Ampicillin

≥32

0.5 to ≥32

81.8

18.2

≥32

1 to ≥32

[1]

[2]

Linezolid

2

1 to ≥16

90.9

9.1

≥16

1 to ≥16

[2]

[1]

Tigecycline

0.25

0.06 to 0.25

100

0.0

0.25

0.06 to 0.25

[3]

[0]

E. faecium

N = 537

N = 159

Linezolid

2

≤0.5 to 8

99.8

0.2

2

≤0.5 to 8

99.4

0.6

Tigecycline

0.25

0.015 to 0.25

100

0.0

0.12

0.015 to 0.25

100

0.0

Vancomycin

2

0.25 to ≥64

94.4

5.6

1

0.25 to ≥64

98.1

1.9

E. faecium, VRE

N = 30

N = 3

Linezolid

2

1 to 2

100

0.0

2

1 to 2

[3]

[0]

Tigecycline

0.25

0.03 to 0.25

100

0.0

0.25

0.06 to 0.25

[3]

[0]

S. aureus

N = 3437

N = 947

Levofloxacinb

32

≤0.06 to ≥64

73.2

26.8

16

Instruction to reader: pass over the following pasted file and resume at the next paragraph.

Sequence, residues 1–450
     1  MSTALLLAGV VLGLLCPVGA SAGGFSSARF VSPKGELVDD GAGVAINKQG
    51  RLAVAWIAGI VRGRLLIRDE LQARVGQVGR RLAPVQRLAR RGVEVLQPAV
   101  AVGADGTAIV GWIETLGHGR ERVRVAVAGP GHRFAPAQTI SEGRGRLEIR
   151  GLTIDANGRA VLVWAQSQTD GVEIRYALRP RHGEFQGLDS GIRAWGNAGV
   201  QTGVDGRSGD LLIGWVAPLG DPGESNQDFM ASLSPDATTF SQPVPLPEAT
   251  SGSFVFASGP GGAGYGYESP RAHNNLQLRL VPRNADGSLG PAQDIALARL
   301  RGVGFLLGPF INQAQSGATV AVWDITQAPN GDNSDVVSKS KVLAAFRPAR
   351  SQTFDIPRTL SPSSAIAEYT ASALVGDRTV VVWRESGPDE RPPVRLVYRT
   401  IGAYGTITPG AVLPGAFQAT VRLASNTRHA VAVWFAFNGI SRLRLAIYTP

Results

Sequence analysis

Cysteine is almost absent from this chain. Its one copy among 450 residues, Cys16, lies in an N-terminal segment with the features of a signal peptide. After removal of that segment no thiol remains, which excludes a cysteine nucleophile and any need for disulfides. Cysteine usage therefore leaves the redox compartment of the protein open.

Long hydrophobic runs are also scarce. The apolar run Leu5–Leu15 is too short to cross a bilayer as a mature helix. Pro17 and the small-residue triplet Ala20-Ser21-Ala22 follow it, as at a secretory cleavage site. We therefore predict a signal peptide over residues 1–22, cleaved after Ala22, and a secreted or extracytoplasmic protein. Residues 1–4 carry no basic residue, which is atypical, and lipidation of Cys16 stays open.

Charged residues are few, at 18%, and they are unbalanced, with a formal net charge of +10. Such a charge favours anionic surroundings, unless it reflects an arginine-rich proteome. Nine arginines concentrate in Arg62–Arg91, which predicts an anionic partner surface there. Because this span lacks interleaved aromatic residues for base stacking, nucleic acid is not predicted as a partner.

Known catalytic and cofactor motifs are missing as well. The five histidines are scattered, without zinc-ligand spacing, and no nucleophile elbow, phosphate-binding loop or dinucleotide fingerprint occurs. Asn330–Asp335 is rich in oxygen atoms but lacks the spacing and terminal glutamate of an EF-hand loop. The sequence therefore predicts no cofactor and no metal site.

≤0.06 to ≥64

76.7

23.3

Linezolid

2

≤0.5 to 8

> 99.9

< 0.1

2

≤0.5 to 8

99.9

0.1

Minocyclineb

0.5

≤0.25 to ≥16

95.0

3.0

≤0.25

≤0.25 to ≥16

97.5

2.1

Penicillin

≥16

≤0.06 to ≥16

15.0

85.0

≥16

≤0.06 to ≥16

16.6

83.4

Tigecycline

0.25

≤0.008 to 0.5

100

0.0

0.12

0.015 to 0.5

100

0.0

Vancomycin

1

≤0.12 to 2

100

0.0

1

0.25 to 2

100

0.0

S. aureus, MRSA

N = 953

N = 234

Levofloxacinb

≥64

≤0.06 to ≥64

16.7

83.3

32

0.12 to ≥64

17.5

82.5

Linezolid

2

≤0.5 to 4

100

0.0

4

≤0.5 to 4

100

0.0

Minocyclineb

0.5

≤0.25 to ≥16

94.2

4.6

≤0.25

≤0.25 to 8

95.3

3.8

Penicillin

≥16

0.5 to ≥16

0.0

100

≥16

0.25 to ≥16

0.0

100

Tigecycline

0.25

0.015 to 0.25

100

0.0

0.25

0.015 to 0.5

100

0.0

Vancomycin

1

≤0.12 to 2

100

0.0

1

0.25 to 2

100

0.0

S. agalactiae

N = 1348

N = 378

Levofloxacin

1

≤0.06 to 32

99.1

0.9

1

0.12 to 32

97.9

2.1

Linezolid